Creating Ruby GEMs


Every beginner Ruby developer learns the command gem install early in their career, but it doesn’t take long for most to wonder what’s going on under the hood. As I’ve started to deepen my understanding of Ruby as a programming language, I’ve also become more enamored by Ruby Gems. Following this interest, I jumped into my local Gem environment and tried to make my own.

What Are Ruby Gems?

For those unfamiliar with Ruby, I can start by defining Gems. A Ruby Gem is simply a package manager that provides three main purposes:

  1. A standard format for distributing Ruby libraries, programs and scripts.
  2. A tool that helps manage library installation.
  3. A server for distributing these libraries.

So, simply put, Ruby Gems are plugin software packages that contain Ruby applications and/or libraries. Gems are a fundamental part of Ruby programming because they extend and manipulate the feature set and full functionality of Ruby applications. Most commonly, Gems are used to implement re-usable features and prevent developers from having to reinvent the wheel.

This is really how it works with all code libraries. In the past, when you built an incredible script or application that completed some task you might save it for your own purposes to use in all your applications. Over time, thousands of programmers have done this, sharing their work with the world – in this case via Gems using the RubyGems software package manager – so that instead of having to go solve every nuanced programming problem they come across, they can plug into the work of others and focus more attention on building the application at hand.

How do Gems Work?

At a high level the command gem is what allows you to work with Ruby Gems from your command line. If it’s your first time getting started with Ruby (version > 1.9) you will have the RubyGems commands built in, but if not, you can always download and run the installer from provides the best resources avaiable for using and working with Ruby Gems – this shouldn’t be surprising!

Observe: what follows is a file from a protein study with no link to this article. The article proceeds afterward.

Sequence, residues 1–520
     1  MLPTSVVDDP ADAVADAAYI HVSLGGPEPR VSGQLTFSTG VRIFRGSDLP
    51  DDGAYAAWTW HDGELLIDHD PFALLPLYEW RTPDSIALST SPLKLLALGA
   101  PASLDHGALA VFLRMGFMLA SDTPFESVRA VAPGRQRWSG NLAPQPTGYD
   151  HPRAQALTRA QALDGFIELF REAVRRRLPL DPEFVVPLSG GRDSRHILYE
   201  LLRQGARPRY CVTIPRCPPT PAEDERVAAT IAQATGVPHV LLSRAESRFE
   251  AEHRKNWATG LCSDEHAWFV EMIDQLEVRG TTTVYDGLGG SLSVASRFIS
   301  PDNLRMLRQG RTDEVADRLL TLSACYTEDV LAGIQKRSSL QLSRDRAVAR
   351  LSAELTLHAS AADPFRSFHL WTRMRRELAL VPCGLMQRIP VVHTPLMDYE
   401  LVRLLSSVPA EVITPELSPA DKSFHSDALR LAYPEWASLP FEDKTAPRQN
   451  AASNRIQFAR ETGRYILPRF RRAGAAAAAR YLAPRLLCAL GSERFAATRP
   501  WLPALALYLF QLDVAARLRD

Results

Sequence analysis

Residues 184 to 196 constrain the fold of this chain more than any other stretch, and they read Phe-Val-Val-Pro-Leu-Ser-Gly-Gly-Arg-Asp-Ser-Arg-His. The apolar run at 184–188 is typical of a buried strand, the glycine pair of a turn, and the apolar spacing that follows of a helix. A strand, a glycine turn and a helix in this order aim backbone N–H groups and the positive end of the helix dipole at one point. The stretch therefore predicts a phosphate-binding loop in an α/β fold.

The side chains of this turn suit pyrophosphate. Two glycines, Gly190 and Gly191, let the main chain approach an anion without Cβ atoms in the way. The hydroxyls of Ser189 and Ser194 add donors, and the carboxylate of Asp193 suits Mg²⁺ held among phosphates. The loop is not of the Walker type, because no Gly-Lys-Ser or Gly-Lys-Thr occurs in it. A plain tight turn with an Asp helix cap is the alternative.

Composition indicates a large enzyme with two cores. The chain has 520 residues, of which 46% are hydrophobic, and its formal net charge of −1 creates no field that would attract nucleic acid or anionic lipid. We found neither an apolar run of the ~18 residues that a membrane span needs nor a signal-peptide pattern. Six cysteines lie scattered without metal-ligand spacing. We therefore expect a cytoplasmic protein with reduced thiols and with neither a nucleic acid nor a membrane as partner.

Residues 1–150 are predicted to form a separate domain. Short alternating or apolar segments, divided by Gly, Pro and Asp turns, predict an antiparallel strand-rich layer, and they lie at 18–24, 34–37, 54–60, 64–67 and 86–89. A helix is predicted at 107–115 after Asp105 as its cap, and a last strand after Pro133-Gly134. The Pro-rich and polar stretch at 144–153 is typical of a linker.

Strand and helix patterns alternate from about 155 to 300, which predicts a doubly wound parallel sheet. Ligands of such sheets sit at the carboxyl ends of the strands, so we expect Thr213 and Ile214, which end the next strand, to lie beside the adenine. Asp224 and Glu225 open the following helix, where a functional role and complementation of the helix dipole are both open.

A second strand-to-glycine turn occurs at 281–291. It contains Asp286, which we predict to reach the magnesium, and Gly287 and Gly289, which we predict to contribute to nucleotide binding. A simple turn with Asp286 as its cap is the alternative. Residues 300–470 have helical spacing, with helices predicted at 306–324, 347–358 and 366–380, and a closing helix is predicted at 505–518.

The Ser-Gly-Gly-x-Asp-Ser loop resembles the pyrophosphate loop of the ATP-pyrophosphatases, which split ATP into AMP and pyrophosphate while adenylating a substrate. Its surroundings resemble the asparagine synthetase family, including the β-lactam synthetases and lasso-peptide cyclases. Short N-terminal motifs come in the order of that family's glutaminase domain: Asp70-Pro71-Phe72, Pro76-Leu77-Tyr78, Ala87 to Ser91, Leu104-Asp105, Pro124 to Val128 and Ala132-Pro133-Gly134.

What are some of the cool commands you can run from terminal when working with GEMs?

  • gem install [ Gem library Name ]
  • gem search [ Gem library Name ]
  • irb -rpp: Requires a library when irb loads!
  • gem list
  • gem uninstall [ Gem library name ]
  • ri [ Gem library name ]: View the documentation of the requested Gem.
  • gem server: Lets you view the documentation for your installed Gems using a local host.
  • gem fetch [ Gem library name ]: Let’s you audit a Gem’s contents without downloading it
  • gem unpack [ Gem library name ]: After fetching, you can extract the contents from the .gem file.

This list serves as a launchpad. There are loads of other awesome Gem commands.

Now that you have an understanding of ruby Gems and how to work with them, it’s time to turn our attention to the main argument – how to build Ruby Gems.

Building Your Own Gem

The process is actually quite simple. First I recommend checking out these two resources:

Installing is easiest using bundle as explained in the Step by Step guide. It works like this…

$ gem install bundle
$ bundle gem [ Your Gem name ]